35lb rails in Kent. Yes, I know – not the most exciting photo – but an important step for the Trust
35lb rails in Kent. Yes, I know – not the most exciting photo – but an important step for the Trust

On Monday, our Chairman went on another odyssey in Barford’s Merc. Sprinter – this time to Swanscombe in Kent – to collect eleven 15-foot lengths of 35lb rail, and fittings. Getting the large vehicle into the drive, past cars parked everywhere (worse than Southwold in August – and that’s saying something), in competition with endless buses, on a morning so frosty that the empty pick-up slid a foot down for every two feet up, was a trial, but ultimately crowned with success. One advantage to something that size is that cars tend not to argue with it (tho’ buses do). The seller, Adam W, kindly added a large quantity of track screws, an assorted box of nuts, bolts, and dogspikes, and a nut-runner. Even more kindly, he helped to load the rails (each of which weighs 175lbs), after taking pity on James, who had struggled with the first three. This is the first instalment of the type of rail that we wish to use for our public railway – tougher than the original 30lb, but looking almost identical (the new SR will be built on 21-foot or 30-foot lengths of rail, but this is a good start). The Trust would like to thank Adam for contacting us – and would be interested to hear about any other 35lb rail that might be available at a price SRT can afford.*

Fishplates and bolts for 35lb rail – possibly an even less interesting photo than the other one – but these are essential parts!
Fishplates and bolts for 35lb rail – possibly an even less interesting photo than the other one – but these are essential parts!

Unloading the rail into a neat stack, at the workshop (no Community Café visit on Wednesday, as it was closed for Blood Donating), we got stuck into re-wheeling the sub-under-frame of Wagon 41. Yes, I know that’s a clunky phrase – but it’s quite difficult to describe an underframe which has been divided into in two parts – upper and lower (because the SR’s coupling height is 6” or so higher than the RNAD original). Dave’s team used SR sleepers (no – not the two original ones!) to jockey the W-irons over the cast axle-boxes, once these had been packed with grease. It went surprisingly easily. Being on a roll, we then added the brake cross-shaft, after an interesting topological challenge. It was very gratifying to see that the new axles and brake shaft have been so accurately made by Peggs – re-gauging from 2’6” to 3’ is not as simple as it seems, the wheel back-to-backs being the most crucial – and the difference is not exactly 6”, though one might expect it to be so. Nice to see this part of the Heritage Train coming together.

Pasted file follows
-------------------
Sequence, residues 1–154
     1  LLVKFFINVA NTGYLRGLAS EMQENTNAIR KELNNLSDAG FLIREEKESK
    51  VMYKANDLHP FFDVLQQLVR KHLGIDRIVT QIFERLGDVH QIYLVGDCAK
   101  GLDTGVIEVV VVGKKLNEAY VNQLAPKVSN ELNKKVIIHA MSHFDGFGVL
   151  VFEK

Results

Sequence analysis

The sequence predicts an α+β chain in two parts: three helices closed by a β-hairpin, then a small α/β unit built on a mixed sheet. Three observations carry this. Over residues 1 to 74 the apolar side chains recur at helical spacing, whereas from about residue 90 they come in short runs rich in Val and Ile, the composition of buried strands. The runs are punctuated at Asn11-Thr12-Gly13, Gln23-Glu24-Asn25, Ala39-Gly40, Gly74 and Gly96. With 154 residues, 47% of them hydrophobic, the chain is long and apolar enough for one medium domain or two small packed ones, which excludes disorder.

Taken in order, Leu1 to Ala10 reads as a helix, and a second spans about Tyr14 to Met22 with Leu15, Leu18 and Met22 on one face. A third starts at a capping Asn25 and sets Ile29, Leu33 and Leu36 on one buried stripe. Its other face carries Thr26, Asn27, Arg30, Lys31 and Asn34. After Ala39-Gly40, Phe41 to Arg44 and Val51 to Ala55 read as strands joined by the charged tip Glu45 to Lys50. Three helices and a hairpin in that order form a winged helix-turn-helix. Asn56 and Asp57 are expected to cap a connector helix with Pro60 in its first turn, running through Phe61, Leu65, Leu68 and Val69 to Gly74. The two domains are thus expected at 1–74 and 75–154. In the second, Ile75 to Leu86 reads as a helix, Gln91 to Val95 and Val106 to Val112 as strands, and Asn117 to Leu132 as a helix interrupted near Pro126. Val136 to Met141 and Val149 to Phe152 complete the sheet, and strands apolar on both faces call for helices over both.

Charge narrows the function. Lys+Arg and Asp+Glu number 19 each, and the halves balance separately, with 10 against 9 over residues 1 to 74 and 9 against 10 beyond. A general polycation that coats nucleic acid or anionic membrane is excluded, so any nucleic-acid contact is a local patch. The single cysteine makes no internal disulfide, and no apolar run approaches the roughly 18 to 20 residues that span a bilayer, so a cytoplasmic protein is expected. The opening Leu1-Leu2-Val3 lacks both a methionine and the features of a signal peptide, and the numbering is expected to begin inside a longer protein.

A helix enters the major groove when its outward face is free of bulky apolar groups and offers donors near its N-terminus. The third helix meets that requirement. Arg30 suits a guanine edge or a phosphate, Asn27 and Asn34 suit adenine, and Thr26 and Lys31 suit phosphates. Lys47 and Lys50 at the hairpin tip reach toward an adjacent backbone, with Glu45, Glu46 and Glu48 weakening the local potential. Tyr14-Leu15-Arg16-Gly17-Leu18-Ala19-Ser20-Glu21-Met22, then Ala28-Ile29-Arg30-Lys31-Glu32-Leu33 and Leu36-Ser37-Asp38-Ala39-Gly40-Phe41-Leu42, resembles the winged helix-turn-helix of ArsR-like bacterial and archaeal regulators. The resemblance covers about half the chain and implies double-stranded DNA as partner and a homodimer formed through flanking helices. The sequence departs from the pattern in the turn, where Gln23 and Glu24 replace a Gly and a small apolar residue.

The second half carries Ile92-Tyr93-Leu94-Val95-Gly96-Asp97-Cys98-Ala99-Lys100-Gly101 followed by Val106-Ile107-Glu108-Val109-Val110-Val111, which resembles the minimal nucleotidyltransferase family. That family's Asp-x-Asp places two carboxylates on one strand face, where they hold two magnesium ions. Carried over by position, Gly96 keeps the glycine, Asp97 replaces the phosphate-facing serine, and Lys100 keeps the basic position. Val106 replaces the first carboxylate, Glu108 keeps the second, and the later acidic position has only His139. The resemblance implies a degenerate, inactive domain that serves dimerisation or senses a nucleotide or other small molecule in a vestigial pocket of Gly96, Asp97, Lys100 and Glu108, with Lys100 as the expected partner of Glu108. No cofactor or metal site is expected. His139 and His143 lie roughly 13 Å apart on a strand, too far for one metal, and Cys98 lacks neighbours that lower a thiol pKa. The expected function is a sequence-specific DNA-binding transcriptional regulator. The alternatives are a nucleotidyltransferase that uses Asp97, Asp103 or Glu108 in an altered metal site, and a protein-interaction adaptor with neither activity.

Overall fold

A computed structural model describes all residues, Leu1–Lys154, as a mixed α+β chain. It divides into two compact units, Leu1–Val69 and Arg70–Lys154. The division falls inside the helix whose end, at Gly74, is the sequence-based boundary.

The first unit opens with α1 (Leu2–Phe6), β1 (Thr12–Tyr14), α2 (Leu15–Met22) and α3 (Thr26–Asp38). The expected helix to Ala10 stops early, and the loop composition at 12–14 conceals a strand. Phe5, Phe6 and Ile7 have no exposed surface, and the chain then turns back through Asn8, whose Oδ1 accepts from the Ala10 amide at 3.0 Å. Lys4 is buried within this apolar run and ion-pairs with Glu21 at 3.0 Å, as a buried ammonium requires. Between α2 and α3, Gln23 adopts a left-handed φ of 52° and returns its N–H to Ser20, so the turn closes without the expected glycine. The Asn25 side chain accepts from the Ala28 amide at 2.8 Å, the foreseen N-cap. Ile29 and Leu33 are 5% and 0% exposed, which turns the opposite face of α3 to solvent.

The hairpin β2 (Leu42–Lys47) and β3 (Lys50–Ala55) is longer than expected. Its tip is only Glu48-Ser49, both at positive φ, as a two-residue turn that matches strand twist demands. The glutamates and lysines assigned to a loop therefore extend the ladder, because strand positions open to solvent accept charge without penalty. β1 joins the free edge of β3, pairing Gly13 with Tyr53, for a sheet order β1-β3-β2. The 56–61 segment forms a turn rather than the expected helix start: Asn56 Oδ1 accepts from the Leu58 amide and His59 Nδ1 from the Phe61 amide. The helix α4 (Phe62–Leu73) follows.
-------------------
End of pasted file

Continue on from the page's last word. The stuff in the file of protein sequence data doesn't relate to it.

Completing the exhaust wrap on the Motor Rail loco
Completing the exhaust wrap on the Motor Rail loco

We are not neglecting the Motor Rail loco – we finally filled the lower gearbox (which was completely dry) so it showed on the dipstick – and completed the wrap for the exhaust pipe.  Much of the body, outside, is now sanded down (having suffered from several years of weather exposure) and rust-treated.

 

New stretch of SR fencing – each panel is 4 yards long – 4 panels down, 42 to go!
New stretch of SR fencing – each panel is 4 yards long – 4 panels down, 42 to go!

Hardwood for both wagon projects was planed to size and delivered by Bradnams of Haverhill – nice straight grain, and to their usual high standard.
The rest of the team went over to the trackbed, and John B collected and dealt with branches that the latest storm has brought down, while Chris measured some boundaries to check on our holding, and his team carried timber along the trackbed to the worksite for the next fencing gang to use. The drainage improvement at Blyford Lane by our neighbouring farmer is almost complete – inevitably not a pretty sight, but already much more efficiently draining the pastures, which will now be much more productive.
On Thursday, the next lot of hardwood for Van 40 was delivered to SOLD in Lowestoft – this is an extra piece for each end, forms the structure of the doors, and includes the door stops and the triangular weather strips along the base of the sides. At the same time, we collected the 1½” x 8” planks that SOLD had kindly sawn and planed down: this timber was donated by Duncan’s, and will form the sides and ends of Wagon 41.

Brake and suspension parts for Wagon 41 – gritblasted by Coastground, painted by SRT
Brake and suspension parts for Wagon 41 – gritblasted by Coastground, painted by SRT

A consortium of members has bought a number of 7¼” gauge items – stock, rails, and storage shed – to form the basis of a facility for future use – either in Southwold, or elsewhere along the trackbed. Most small narrow-gauge heritage railways – and many standard gauge ones – have a miniature railway onsite as well, to cater for the younger children and make the whole experience more interesting: now SRT can do the same. We are a bit short of track, so if any reader knows of some (curved or straight, plus a point or two) at a good price, we may well be interested.

Fitting the brake cross-shaft – the second actuating bracket (currently loose on the shaft) is for the – eventual – air brakes, as this wagon will be running in a passenger train
Fitting the brake cross-shaft – the second actuating bracket (currently loose on the shaft) is for the – eventual – air brakes, as this wagon will be running in a passenger train

* Note that SRT does not do metric – except when it absolutely has to!